The narrator of “Crusade,” when you try to fix upon him, is even stranger, elusive. He occasionally seems a kind of historian: he has access to Claude’s “journal,” which he alternately quotes and paraphrases. Then he seems to have been there, one of the Christians: we rode, we rested, we feared. Then he is there but not of them: unseen, a spy, a thief of consciousness. Is he, one occasionally wonders, the undiscovered Jew? But where- and whatever he is, his tone is remarkably restrained, checked, not undone by what he describes. “They began to beat the Jew at noon. Toward evening they branded him with red-hot irons. Then they soused him in salt water . . . and crushed his testicles, as Claude had read in one of the books when he was a boy . . . As the twilight came on they put out both of his eyes, and then, he opened his mouth and asked them whether, if he showed them the place the treasure was buried, they would kill him instantly, and Claude Crookback gave his word.”
In his lectures the old Bolshevik Unger expounds upon “the warm-hearted anti-Semitism” of Old Russia which the Kremlin can draw upon. A “picturesque anti-Semitism, I say, in its way, and in a certain sense almost endearing”: the madness of a people “schooled in vicissitudes,” given to weeping, subject to a “crazy combination of callous cruelty and savage compassion,” who will “tear us apart with their claws, only to get up the next morning and drown in an ocean of agony, remorse, and compassion.” Imagine Dmitri on a leisurely stroll, passing the synagogue. The wailing inside tears at his heart; pity wells for such anguish—so much so that he must “silence the demon sobbing inside his own heart.” He seizes a stone, crashes it through the synagogue window, and “runs away, his heart overflowing with joy and sorrow.”
In “Crusade” a camp-follower sobs over the body of a murdered Jew (that night she will empty his peddler’s sack). Claude, “overcome with a terrible compassion,” walks with the woman, comforts her with soft words and religious sentiments. When, later, a trapped Jewess despairingly hurls her child at the encircling crusaders and rolls in the dust as if in convulsions, “Claude Crookback struggled with all his might to suppress the sobs rising in his throat. A blind, feverish urge almost forced him to fall to the ground in the dust like her and be trampled on by the soles of her feet . . . Hot tears ran down his beard as he put this she-wolf out of her misery with a short, sharp blow.”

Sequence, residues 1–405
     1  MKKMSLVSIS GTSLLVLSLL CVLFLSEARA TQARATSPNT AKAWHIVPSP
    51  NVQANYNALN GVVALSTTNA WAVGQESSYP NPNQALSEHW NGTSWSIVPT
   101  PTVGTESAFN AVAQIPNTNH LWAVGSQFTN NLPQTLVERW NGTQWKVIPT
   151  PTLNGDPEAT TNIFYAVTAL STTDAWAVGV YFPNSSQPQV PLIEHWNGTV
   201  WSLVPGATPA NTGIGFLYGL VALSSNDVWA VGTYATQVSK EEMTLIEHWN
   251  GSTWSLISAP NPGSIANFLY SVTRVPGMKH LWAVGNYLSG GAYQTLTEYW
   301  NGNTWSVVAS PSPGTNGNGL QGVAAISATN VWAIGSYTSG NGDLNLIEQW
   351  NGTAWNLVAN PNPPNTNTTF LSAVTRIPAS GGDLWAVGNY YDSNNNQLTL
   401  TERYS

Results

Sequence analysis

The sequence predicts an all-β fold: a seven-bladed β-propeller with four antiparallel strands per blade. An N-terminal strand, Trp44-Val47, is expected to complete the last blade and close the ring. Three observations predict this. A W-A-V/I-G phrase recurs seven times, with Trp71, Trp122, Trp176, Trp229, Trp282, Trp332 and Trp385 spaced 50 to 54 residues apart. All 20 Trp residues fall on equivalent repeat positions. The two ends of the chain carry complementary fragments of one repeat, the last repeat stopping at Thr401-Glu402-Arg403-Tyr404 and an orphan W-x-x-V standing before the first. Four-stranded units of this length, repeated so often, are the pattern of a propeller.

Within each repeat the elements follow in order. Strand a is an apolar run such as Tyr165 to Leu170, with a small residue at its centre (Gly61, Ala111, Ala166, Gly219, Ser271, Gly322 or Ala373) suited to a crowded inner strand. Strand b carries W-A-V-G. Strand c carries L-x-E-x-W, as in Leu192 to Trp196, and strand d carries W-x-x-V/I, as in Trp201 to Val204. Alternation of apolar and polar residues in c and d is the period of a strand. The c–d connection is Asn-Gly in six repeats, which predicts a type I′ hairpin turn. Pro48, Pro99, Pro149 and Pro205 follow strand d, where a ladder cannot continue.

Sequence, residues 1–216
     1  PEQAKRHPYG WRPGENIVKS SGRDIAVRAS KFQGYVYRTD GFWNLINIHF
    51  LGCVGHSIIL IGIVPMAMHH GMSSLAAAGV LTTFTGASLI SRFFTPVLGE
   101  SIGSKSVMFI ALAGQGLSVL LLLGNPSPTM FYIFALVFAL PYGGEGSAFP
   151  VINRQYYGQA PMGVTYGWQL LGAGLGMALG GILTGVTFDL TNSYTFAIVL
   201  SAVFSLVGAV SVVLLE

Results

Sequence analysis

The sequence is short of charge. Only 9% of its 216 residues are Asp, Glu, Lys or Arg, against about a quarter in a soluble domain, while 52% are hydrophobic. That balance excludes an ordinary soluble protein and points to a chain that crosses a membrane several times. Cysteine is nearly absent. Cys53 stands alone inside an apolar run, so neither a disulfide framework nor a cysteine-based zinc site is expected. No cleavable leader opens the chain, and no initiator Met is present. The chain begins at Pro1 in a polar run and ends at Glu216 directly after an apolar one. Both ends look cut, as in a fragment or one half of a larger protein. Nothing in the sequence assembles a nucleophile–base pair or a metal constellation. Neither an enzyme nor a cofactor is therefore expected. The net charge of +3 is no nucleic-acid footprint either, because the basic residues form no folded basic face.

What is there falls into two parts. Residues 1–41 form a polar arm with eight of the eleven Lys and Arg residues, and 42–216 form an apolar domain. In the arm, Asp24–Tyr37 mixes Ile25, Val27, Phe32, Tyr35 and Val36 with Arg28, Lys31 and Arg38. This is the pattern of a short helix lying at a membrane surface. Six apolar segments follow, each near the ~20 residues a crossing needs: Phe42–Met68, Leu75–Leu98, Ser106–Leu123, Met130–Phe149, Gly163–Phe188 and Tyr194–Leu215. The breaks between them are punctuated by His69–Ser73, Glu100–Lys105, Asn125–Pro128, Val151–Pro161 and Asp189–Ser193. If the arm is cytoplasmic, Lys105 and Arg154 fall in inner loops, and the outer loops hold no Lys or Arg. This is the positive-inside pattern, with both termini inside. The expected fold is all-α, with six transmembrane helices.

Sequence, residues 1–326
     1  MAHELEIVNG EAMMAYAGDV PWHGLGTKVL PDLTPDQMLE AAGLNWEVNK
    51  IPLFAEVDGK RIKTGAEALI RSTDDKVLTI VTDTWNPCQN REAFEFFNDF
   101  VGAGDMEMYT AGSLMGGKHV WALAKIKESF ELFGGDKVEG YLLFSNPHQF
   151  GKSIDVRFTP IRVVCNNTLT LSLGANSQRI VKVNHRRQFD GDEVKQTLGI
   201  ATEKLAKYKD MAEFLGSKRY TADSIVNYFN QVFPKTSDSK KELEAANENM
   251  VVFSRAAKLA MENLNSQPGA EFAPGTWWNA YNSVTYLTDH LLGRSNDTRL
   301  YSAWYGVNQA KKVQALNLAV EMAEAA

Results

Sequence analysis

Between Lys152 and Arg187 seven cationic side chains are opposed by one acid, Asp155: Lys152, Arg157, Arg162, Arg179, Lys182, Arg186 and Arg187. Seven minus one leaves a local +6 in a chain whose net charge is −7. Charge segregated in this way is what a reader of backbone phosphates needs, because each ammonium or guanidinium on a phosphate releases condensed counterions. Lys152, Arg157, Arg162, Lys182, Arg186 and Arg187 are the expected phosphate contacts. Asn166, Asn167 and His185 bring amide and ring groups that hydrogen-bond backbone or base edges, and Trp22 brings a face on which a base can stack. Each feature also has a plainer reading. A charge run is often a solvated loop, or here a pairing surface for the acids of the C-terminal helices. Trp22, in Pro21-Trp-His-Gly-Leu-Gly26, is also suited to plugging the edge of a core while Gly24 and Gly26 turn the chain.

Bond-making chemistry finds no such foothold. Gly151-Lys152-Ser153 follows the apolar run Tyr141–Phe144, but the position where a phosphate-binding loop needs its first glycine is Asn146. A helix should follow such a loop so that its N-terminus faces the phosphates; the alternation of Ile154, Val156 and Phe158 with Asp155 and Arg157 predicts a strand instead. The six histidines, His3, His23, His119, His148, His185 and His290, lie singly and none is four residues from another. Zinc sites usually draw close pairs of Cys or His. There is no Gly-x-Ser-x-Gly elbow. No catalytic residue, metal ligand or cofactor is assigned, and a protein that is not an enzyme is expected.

The Count of Touron converses with himself on “the necessity of love.” He dreams of breaking through, fulfillment. When he reaches Jerusalem . . . But there’s a Jew in our midst. The Jew insinuates, “penetrates,” flourishes “in what is most delicate. Like love, like carnal union.” He is the stranger—but often more ourselves than we. Even our language when he speaks it “is somehow suddenly turned to wine.” “Claude,” the Count says to his heir, “you know: why do you keep silent?” And then “in a voice at whose memory my heart is rent with love and terror, ‘Claude—are you really Claude?’” Then, later, the bard Andres singing while snow falls “smothering everything with a kiss of unbelievable tenderness”—“Claude, this piper is not one of us”; and “sorrowfully, as if from a distance: ‘Andres, you are dear to me, you are a dearly beloved Jew, Andres, and I must kill you so that you die.’” Andres silently curls up foetus-like at the Count’s feet. The Count places his spear, sighs, and leans upon it, hesitantly at first, and then harder until it passes through his own body “as if clasped in an invisible embrace.” This weird sexual symphony, ferocious and delicate, ends; and the survivors pass on, “leaving behind their loathsome flesh and streaming onward, a jet of whiteness on a white canvas, an abstract purpose, a fleeting vapor, perhaps peace.”